Torque and stator current waveforms of K model driven by PWM inverter, slip=0.

Fig. 26 shows the radial force and its spectrum at slip=0.5 for the K-model. The waveform of radial force driven by the PWM inverter is approximately the same as that driven by the line source. We can find a small noise in the waveform, and find that the amplitude around 5 kHz, that is, carrier frequency is bigger than that of the line source in the spectrum.

Figure 25.

Torque and stator current waveforms of K model driven by PWM inverter, slip=0.5

Figure 26.

Radial force and frequency spectrum of K-model driven by PWM inverter at slip = 0.5.

3.5. Vibration velocity

Fig. 27 shows the vibration velocity measured at the centre of stator surface, when the motor is running at no-load. The vibration of 600 through 650 Hz is mainly emitted from the natural frequency, and 100, 200, 400, 500, 700, 1000 and 1200 Hz are corresponding to the frequency of the radial force with mode 4. We think that the vibration of 25Hz is emitted by the eccentricity of the rotor. Fig. 28 shows the vibration velocity emitted from the inverter-fed induction motor. We can see the vibration at aroundnfc, where n is an integer and fcis the carrier frequency.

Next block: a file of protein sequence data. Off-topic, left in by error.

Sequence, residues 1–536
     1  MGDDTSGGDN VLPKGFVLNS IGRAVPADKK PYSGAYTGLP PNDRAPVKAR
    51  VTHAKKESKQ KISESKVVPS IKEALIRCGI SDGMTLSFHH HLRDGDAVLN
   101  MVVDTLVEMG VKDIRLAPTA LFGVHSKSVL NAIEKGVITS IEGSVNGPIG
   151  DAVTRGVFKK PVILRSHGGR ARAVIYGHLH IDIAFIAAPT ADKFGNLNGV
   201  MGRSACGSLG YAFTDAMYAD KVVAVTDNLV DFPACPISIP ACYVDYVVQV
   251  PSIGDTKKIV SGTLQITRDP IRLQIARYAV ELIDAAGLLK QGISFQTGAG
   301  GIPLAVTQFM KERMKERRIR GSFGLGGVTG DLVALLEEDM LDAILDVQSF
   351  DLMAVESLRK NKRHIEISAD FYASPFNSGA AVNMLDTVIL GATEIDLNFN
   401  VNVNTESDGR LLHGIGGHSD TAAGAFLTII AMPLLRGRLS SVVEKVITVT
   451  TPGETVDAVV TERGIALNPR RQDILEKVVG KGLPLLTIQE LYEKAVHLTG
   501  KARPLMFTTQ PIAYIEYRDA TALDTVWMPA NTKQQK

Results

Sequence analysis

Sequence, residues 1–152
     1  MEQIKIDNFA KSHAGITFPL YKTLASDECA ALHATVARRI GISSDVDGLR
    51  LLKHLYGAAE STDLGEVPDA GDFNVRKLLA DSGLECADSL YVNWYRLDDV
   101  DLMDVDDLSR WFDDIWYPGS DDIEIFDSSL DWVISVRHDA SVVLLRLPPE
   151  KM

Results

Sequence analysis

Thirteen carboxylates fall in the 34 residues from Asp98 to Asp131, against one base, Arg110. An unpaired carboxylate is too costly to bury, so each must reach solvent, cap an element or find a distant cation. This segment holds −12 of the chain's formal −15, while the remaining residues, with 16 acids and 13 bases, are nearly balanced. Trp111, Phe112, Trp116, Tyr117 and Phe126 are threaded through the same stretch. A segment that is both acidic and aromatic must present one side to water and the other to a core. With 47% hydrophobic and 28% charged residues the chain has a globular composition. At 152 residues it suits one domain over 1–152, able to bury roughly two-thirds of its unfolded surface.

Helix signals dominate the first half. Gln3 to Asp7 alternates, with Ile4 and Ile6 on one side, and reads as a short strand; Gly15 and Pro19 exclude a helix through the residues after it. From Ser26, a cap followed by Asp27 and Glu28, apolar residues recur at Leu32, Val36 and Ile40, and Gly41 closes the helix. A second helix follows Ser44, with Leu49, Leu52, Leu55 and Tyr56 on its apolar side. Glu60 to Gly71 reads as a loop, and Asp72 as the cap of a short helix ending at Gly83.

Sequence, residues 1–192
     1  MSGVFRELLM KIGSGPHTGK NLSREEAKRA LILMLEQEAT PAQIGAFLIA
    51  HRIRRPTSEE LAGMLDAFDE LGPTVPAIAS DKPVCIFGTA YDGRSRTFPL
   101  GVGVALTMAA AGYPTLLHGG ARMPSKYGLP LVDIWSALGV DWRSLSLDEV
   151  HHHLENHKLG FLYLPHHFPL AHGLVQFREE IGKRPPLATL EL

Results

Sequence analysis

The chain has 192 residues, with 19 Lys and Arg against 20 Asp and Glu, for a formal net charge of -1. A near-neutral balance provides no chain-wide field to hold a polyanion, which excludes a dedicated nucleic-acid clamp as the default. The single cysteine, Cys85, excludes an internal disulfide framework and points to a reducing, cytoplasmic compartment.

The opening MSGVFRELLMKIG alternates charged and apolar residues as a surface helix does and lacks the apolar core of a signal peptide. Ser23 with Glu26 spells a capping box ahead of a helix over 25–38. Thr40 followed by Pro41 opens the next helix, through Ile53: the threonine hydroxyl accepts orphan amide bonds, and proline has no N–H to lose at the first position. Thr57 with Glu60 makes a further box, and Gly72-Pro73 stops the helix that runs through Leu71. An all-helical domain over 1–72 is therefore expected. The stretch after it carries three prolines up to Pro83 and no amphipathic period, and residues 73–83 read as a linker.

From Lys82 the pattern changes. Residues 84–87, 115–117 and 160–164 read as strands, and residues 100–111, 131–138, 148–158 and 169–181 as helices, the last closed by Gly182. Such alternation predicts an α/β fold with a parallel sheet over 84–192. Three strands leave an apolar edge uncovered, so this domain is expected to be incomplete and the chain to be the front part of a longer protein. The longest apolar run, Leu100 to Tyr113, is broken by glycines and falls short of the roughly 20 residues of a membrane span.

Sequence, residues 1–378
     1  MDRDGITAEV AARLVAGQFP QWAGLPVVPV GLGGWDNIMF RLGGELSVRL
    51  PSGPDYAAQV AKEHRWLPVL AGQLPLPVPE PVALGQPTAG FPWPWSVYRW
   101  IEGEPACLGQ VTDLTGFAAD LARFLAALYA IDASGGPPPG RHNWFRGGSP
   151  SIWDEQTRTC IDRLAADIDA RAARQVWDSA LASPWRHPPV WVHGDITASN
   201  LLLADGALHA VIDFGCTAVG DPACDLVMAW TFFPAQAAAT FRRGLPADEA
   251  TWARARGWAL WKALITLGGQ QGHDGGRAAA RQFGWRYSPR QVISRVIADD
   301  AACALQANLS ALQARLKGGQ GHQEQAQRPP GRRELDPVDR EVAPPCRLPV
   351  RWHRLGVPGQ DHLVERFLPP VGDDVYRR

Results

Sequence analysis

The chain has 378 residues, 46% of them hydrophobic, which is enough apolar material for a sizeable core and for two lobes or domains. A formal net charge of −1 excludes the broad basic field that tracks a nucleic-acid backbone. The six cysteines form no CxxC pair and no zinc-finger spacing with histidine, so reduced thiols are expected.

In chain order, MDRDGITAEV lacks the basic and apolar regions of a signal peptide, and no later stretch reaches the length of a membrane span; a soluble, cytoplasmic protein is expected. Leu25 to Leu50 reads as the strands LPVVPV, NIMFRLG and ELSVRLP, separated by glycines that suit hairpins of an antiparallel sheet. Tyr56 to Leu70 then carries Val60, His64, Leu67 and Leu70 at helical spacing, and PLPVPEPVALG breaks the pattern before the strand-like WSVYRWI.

3.6. Radial magnetic force under randomized PWM inverter source

It is well known that a random PWM method reduces the acoustic noise emitted from an inverter drive motor. Then, we analyze the radial force of the motor fed by two types of random PWM method, namely, a randomized pulse position PWM and a randomized switching frequency PWM. The randomized pulse position PWM changes the pulse width as